We are, or will soon be, masters of science, two conservation biologists and a resource manager, respectively, assuming we all get jobs. It would be nice to think of ourselves as girding on the sword-belts of scientific expertise to fight the demons of biodiversity loss and climate change with the Green Ray of Knowledge. That was certainly our intent when we started this, or at least it was mine.

But climate change really isn’t a scientific problem anymore. Oh, sure, there’s details to sort out; how fast, how bad and where, there’s a lot we don’t know—enough to keep thousands of researchers busy forever, if not exactly paid. But we know the basics; carbon dioxide, methane, nitrous oxide, and several other gases trap heat in the atmosphere, and we are producing these gases in large quantities, making the Earth warmer. All kinds of problems are ensuing as a result. We’ve known that for decades, and the obvious solution has not really been tried, not on a large scale. How much more do we need to know?

No, climate change is a political problem. The collective will isn’t there. Maybe it’s complacency, maybe it’s fear of change, maybe it’s that certain industries have more dollars than sense and can dominate political discourse. Maybe it’s Blue Meanies.

I’ve just finished watching “The Yellow Submarine,” the cartoon Beatles vehicle I’m young enough to have grown up watching. The film opens in the paradise of Pepperland, where the people sing all day, until the attack of the Blue Meanies who turn everyone grey. Occasionally, one of the grey people cries, or notices a butterfly and smiles, only to be bonked by a Bonker-Meanie. A child holds a brightly-colored pinwheel until a Meanie notices and eats the toy in passing. At last, the Beatles arrive and sing, the people become colorful again, and revolt, singing All You Need is Love.

Silly, yes, but how come the people turned grey to begin with? Why did they stop singing when the Meanies attacked, if song makes Meanies go away? All too often, this is what people do; a huge number of people act against their own interest because the Blue Meanies told them to do it, and the Beatles haven’t shown up yet.

But sometimes people don’t wait. They sing and laugh and get bonked for it. Sometimes they win. Sometimes they don’t. Either way, they become the change they want to see in the world.

The Transition movement, for example, consists of towns and cities acting on their own to get off fossil fuel, prepare for Peak Oil, and prepare for the effects of climate change. Steve Chase, a co-founder of Transition Keene, in Keene, argues that the local work of the Transition movement, in addition to being worthwhile for its own sake, could also spark national and international change. To support his argument, he cites the Civil Rights movement, which Steve grew up watching, and which fought for recognition sometimes “one lunch counter at a time” before ultimately winning Federal legal support.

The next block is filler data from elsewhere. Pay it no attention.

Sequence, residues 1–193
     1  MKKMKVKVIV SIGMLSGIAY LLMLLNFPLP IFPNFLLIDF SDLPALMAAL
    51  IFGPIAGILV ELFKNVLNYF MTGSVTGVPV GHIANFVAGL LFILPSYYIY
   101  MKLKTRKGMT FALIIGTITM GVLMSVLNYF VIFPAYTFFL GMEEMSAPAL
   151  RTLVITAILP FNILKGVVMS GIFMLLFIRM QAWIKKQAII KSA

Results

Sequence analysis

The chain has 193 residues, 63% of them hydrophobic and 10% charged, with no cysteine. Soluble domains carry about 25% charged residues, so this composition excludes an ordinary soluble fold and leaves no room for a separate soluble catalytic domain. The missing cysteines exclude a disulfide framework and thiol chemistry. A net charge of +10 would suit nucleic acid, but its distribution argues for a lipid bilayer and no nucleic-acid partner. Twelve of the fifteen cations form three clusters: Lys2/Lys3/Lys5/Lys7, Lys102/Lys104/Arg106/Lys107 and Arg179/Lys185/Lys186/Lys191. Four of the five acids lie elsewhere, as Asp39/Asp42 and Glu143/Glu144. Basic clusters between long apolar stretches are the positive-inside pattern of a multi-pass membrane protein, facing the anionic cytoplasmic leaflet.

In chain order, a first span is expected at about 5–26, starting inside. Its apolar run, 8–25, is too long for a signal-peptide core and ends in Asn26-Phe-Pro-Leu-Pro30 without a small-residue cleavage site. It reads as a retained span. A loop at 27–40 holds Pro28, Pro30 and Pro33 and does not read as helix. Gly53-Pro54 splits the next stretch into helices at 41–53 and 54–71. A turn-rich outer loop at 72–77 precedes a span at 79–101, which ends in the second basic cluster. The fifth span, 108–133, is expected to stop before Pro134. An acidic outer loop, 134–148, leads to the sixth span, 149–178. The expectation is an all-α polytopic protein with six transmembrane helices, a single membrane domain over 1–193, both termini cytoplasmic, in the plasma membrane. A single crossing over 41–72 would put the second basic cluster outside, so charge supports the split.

Steve acknowledges that Transition differs from the Civil Rights movement in its organizing model. The American Civil Rights movement was what Ghandi called the resistance program. Although the movement was non-violent, it was also aggressive, a deliberate attempt to stop other people from doing things they wanted to do (murdering with impunity, for example). Non-violent protest and civil disobedience were attempts to stop a moving wheel by calmly, gently, even lovingly, thrusting a stick between its spokes.

The International Transition movement is instead doing what Ghandi called the constructive program; creating the community structures of the new world without waiting for the structures of the old world to go away.

In an unpublished article on the Transition movement, Steve Chase acknowledges that this may not be enough. The Transition movement is, as yet, too small and too young to attract official attention, but eventually Transition Towns will likely be sued, legally reined in, or otherwise threatened. In this country, we are unlikely to be physically attacked, but fear can be effective whether or not the threat is real. Even simple discouragement can make the people go grey.

But we know that can happen. We can prepare. Let’s make up our minds that when the Blue Meanies come, we won’t wait for the Beatles.

All together now.